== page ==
• carole macleod: These sound just beautiful! I wonder if the Narcisse has a good narcissus note-I love original Je Reviens, for the narcissus note. Never found anything that compares to that particular note, for me. I love Gentiane Blanc. And oddly enough i have worn the Pamplelune fragrance with Shalimar-one on wrists, the other on ankles. It was a good experience to be covered in head to toe Guerlain but I liked both fragrances on their own rather than mixed. I cannot wait to try them-thank you for sharing this news, on a lovely spring day!
    Carole April 16, 2013 at 1:28pm Reply

    • Victoria: I notice narcissus because I looked for it, and with such a name, it’s hard not to be influenced. But to me, it really has a tinge of narcissus sweetness, such as what you get when you smell the flowers and notice also the scent of their leaves and earth caked stems. April 16, 2013 at 2:29pm Reply

      • carole macleod: Leaves and earth caked stems???? I might not hace cracked before, but now I have to yield to its charms! April 16, 2013 at 4:41pm Reply

        • Victoria: I would love to hear your thoughts when you get to try it! It’s an unexpectedly romantic scent for me, since it evokes such spring-like images. April 16, 2013 at 5:45pm Reply

  • Jillie: Thank you for writing about these – the Eau de Narcisse sounds like exactly my sort of thing (you are a temptress)! I am so excited and can’t wait to try it. The notes seem reminiscent of Miller Harris’s Jasmin Vert, which is a great favourite of mine; do you know it, and would you think them similar? April 16, 2013 at 1:50pm Reply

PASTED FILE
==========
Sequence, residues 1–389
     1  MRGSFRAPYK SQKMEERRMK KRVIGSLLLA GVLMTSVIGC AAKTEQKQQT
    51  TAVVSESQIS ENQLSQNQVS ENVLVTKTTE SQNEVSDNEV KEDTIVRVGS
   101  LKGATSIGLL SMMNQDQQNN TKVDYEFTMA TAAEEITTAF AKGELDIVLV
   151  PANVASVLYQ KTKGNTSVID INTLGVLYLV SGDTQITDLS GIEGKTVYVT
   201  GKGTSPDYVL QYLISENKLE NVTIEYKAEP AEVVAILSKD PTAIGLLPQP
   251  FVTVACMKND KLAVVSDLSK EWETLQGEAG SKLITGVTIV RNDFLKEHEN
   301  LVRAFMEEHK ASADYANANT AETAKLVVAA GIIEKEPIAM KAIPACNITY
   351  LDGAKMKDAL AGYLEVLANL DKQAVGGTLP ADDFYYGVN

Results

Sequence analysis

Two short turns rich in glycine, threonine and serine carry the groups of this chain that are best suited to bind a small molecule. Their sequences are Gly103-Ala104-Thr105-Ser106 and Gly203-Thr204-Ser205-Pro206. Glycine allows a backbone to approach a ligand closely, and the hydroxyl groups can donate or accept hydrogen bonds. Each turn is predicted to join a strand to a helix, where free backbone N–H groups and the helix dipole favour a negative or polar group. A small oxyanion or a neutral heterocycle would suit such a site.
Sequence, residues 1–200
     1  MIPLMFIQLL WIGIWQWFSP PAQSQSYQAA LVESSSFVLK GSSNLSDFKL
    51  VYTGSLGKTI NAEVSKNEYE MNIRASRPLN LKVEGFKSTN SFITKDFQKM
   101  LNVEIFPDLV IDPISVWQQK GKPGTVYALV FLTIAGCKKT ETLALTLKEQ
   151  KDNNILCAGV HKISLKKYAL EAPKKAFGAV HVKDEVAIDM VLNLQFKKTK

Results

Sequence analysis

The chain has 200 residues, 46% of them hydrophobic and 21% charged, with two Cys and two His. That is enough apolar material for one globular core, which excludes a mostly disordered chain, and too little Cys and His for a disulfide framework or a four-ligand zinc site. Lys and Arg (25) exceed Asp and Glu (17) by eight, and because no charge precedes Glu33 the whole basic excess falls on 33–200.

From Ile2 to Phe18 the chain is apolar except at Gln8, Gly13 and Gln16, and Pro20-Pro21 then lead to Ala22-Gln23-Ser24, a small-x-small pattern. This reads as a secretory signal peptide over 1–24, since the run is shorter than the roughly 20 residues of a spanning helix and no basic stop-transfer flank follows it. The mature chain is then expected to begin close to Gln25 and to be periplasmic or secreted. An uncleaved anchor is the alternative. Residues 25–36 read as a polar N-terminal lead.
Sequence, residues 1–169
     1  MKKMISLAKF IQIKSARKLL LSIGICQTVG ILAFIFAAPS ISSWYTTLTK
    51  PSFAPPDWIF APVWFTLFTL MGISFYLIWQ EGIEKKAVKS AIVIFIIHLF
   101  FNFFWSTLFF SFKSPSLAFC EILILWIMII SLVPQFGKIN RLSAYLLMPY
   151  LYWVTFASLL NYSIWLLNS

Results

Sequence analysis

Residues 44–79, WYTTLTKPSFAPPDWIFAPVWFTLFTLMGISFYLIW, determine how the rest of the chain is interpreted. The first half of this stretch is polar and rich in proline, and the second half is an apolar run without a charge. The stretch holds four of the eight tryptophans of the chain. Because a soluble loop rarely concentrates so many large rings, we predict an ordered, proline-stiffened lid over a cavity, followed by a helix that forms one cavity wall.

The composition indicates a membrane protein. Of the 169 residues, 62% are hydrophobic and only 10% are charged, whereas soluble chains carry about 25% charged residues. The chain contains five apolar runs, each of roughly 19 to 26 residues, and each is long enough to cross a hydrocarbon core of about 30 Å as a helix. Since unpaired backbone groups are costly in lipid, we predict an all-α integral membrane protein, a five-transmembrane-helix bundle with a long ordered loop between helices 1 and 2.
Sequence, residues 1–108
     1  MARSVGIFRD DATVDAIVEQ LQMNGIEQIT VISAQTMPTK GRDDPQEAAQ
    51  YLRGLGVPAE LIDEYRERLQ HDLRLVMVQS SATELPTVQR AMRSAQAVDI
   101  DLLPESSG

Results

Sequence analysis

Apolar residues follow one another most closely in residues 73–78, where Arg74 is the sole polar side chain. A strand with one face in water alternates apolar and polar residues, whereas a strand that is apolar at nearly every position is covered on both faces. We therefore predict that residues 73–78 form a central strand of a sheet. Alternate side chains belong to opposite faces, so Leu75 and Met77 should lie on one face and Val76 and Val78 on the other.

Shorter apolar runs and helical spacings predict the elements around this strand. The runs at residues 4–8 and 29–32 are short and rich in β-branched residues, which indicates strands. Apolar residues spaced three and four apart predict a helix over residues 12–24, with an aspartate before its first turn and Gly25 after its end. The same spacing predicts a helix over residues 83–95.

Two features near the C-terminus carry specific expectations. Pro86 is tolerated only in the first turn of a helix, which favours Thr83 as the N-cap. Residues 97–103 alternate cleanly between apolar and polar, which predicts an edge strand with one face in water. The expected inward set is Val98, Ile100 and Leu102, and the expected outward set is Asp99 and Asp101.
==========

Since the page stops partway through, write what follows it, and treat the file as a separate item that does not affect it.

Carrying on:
• Victoria: I hope that someone else can pitch in about Jasmin Vert, because I’ve tried it such a long time ago that I don’t remember it. Based on my recollection, I would say that they are different. Eau de Narcisse Bleu is really more like Eau Parfumee au The Vert with more iris/violet and more crunchy greens. How does Jasmin Vert smell to you? April 16, 2013 at 2:31pm Reply

      • Jillie: I would say that JV is green, but not “crunchy”. It’s also not really jasmine! And certainly not a heavy, indolic jasmine. To me it smells a lot like narcissus, but is softened with other notes like rose and violet leaves. It mellows into a light green/white musk with a mere whisper of sandalwood. April 17, 2013 at 1:31am Reply

        • Victoria: I wanted to add that Eau de Narcisse Bleu on the whole is quite soft, rather than sharply green, but when you get up close, you notice its spring-like, green notes.

          Jasmin Vert sounds like something I should like, so I’m going to look for a sample. Thank you for mentioning it! April 17, 2013 at 3:07am Reply

  • perfumekev: I can’t wait to try these. I really loved the Gentian Blanc. Then agian I really havent found a Jean Claude Ellena fragrance -begining with Eau de Campagne , to Jour that hasn’t worked for me. Like many others I find my self buying refill bottles since my partner and I wear them very often. I have also had to gift a few to friends who fall in love with one of his perfumes.

    I think the man is more than brilliant, we are lucky that he is alowed to be so prolific since we all benifit from his fantastic concoctions. April 16, 2013 at 4:35pm Reply